'Watch' It Once, but Not Again
Published: Monday, July 30, 2012
Updated: Monday, July 30, 2012 10:07
Director Akiva Schaffer — known primarily as an “SNL” writer and member of comedy troupe The Lonely Island — joins forces with writers Seth Rogen and Evan Goldberg of Superbad and Pineapple Express fame to create a new sci-fi comedy, The Watch.
The film is set in the town of Glenview, Ohio, where Evan (Ben Stiller), the manager of the local Costco, enjoys being a friendly part of the community. The main plot is ignited after Antonio (Joe Nunez), a Costco security guard and Evan’s friend, is mysteriously and brutally murdered in the store after hours.
Antonio’s death inspires Evan, and he creates a neighborhood watch in an attempt to bring the murderer to justice. The turnout of volunteers, however, is less than stellar: three people show up. Bob (Vince Vaughn) is a husband and father who just wants to hang out with the guys. Franklin (Jonah Hill) is a high school dropout who failed every test necessary to become a police officer, and Jamarcus (Richard Ayoade) is a recently divorced Englishman who hopes to meet girls.
With help from the watch, Evan hopes to find Antonio’s killer, but the community does not take him seriously, particularly Sgt. Bressman (Will Forte) of the local police, who gets in the group’s way as they attempt to investigate. These four misfits do, however, make a bizarre discovery after they hit an unidentified object with their car. They find green goo on the bumper — similar to the substance present near Antonio’s body — and an eccentric orb that proves to be a very potent weapon. These turn out to belong to a flesh-eating alien and are just the start of the bizarre truths uncovered by these unsuspecting citizens as they get into more than they bargained for.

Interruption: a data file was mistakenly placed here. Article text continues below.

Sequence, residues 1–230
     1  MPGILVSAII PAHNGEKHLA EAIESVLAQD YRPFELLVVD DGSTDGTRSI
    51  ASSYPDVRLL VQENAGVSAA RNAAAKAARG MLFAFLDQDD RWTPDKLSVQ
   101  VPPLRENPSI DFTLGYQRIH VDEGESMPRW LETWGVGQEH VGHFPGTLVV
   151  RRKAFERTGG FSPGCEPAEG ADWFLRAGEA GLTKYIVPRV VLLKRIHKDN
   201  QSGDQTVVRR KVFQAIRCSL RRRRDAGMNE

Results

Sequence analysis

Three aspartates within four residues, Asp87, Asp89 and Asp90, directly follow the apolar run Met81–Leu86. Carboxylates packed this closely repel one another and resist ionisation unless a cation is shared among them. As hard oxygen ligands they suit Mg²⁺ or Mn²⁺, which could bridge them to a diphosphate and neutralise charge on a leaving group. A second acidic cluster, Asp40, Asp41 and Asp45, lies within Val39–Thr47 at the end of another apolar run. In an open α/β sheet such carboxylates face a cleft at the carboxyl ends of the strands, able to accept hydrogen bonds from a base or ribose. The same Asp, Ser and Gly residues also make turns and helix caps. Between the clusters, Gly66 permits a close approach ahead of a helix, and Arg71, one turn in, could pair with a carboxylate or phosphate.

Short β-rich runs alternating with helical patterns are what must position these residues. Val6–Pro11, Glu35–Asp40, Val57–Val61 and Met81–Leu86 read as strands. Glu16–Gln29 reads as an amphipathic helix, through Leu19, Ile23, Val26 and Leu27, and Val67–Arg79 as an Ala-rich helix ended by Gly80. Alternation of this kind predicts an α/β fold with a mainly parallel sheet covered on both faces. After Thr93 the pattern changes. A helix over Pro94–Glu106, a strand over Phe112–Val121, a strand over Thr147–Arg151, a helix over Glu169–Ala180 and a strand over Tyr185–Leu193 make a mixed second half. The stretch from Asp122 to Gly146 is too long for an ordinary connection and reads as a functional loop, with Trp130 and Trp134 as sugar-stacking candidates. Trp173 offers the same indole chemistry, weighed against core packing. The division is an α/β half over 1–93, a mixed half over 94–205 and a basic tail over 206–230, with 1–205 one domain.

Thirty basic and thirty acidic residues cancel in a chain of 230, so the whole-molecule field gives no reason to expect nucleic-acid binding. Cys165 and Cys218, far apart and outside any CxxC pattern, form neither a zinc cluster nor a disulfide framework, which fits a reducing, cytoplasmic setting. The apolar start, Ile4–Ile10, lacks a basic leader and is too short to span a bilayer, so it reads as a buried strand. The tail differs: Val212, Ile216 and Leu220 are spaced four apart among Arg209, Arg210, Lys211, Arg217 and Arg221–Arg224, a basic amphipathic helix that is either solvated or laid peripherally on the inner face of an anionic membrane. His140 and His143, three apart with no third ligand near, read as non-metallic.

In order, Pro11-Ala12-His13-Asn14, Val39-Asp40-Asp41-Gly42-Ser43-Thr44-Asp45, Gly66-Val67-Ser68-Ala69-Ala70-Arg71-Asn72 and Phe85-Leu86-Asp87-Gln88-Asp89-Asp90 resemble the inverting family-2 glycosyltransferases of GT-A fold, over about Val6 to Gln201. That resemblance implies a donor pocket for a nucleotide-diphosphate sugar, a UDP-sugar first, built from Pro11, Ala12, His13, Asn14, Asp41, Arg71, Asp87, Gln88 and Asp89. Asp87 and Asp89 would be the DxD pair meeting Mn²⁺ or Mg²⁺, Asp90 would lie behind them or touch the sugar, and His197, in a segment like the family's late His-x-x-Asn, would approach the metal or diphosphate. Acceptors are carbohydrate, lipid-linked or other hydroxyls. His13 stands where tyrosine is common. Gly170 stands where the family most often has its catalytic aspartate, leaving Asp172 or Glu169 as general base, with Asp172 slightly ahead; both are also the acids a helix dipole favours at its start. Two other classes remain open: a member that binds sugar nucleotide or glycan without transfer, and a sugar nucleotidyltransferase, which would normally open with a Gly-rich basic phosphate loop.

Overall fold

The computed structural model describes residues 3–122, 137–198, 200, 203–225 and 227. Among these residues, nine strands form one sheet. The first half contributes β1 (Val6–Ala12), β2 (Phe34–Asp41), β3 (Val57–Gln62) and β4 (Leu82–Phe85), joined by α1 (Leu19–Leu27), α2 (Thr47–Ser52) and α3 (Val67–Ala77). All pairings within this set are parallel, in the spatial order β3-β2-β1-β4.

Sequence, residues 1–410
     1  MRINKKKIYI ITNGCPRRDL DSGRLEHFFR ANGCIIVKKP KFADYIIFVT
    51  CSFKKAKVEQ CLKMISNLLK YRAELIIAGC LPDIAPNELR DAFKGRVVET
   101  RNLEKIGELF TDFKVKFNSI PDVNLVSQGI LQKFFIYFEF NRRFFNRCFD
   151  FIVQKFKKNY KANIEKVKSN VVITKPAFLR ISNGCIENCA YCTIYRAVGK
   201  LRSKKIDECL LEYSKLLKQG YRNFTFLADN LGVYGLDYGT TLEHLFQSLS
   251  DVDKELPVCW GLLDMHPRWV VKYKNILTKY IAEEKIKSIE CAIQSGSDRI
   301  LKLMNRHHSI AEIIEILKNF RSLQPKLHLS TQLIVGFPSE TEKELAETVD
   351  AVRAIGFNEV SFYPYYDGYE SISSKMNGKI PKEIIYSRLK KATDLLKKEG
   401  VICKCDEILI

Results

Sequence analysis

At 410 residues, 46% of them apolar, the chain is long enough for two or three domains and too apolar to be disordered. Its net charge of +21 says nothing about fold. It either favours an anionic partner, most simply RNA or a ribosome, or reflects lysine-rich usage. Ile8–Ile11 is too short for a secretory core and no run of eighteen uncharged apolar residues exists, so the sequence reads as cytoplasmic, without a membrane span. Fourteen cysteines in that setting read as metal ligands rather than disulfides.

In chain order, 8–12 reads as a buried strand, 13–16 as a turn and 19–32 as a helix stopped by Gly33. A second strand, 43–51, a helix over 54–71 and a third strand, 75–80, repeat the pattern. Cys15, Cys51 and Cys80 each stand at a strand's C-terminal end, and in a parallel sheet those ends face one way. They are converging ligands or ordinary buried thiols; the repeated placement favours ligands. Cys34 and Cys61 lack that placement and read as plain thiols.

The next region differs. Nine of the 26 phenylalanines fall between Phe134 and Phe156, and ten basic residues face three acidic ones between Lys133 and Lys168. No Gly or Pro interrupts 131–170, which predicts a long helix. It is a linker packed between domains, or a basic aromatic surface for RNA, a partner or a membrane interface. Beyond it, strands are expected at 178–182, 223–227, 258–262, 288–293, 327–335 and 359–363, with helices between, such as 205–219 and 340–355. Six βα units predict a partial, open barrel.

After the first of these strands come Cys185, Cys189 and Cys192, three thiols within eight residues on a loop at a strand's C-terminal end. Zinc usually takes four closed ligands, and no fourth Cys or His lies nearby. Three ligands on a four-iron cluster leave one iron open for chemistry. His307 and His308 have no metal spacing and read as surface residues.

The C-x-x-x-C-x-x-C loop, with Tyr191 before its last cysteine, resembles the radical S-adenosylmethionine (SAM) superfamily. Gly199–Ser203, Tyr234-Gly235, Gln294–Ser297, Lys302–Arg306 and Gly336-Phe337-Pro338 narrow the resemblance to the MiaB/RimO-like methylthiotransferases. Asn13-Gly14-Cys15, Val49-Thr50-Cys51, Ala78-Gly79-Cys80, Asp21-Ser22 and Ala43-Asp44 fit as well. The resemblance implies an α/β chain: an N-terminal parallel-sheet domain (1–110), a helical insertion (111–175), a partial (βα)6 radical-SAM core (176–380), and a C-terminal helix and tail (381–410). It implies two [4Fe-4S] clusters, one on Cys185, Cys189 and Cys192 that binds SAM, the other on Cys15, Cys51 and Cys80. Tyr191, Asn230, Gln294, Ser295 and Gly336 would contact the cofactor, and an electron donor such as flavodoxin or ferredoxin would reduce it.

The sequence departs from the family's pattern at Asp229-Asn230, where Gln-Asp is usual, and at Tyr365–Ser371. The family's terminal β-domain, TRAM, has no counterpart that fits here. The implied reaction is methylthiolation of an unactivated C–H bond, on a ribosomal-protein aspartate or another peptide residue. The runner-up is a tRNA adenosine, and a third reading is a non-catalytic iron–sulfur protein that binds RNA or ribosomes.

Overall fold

Overall, the film is funny. However, with the exception of some minor scenes, it is far from hilarious. Ben Stiller plays a familiar role that very much resembles his portrayal of Gaylord Focker in the Meet the Parents series. Stiller’s character is not the funniest one, but it is the most emotional, with a minor side plot developing within his personal life. Vaughn and Ayoade do better in their roles in terms of comedy, with strange suggestions and very blunt — and often vulgar — comments providing comic relief that distracts from the slow-moving plot.
It was Hill, however, who stood out. His role proved to be the funniest, since his purposefully overdramatic actions help accentuate his character’s inexplicably high self-opinion and undying desire to become a ‘real-life’ hero.
Although the plot presents a unique story containing certain twists and surprises that add excitement to the experience, it is occasionally flat and predictable. The interactions between the characters are funny — Bob is hilariously brusque and Franklin fantasizes that he is in a dramatic action movie. There are numerous points within the movie where the story stalls, and comedy is, sometimes unsuccessfully, used as filler. The movie is sometimes very funny but other times overly silly.
The film is significantly more graphic than I expected, both visually and in its language. However, this is by no means a negative thing. In fact, it provides some of the funnier scenes in the movie, including Sgt. Bressman’s attempt to resuscitate his partner and a descriptive discussion about the green goo’s characteristics.
This is an action-packed comedy that is good but by no means great. The actors are very funny and will make you laugh, but not with the magnitude or the frequency you would like. The story is interesting because it’s different and provides a twist, but the plot is slow and you sometimes find yourself slightly bored. The film is solid and the actors do well in their roles, but essentially, The Watch lacks what I look for most in a comedy: the desire to watch it once more, and then again.